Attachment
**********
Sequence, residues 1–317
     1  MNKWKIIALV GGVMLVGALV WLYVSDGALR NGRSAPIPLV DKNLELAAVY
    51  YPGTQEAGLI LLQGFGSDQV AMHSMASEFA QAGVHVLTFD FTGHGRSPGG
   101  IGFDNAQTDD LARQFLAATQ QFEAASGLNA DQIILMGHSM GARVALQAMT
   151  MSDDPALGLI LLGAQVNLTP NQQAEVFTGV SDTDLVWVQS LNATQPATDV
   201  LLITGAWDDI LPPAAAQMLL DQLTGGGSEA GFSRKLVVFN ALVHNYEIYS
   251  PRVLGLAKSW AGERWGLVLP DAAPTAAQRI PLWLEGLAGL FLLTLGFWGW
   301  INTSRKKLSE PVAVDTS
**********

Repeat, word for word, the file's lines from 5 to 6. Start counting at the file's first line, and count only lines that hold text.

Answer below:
   151  MSDDPALGLI LLGAQVNLTP NQQAEVFTGV SDTDLVWVQS LNATQPATDV
   201  LLITGAWDDI LPPAAAQMLL DQLTGGGSEA GFSRKLVVFN ALVHNYEIYS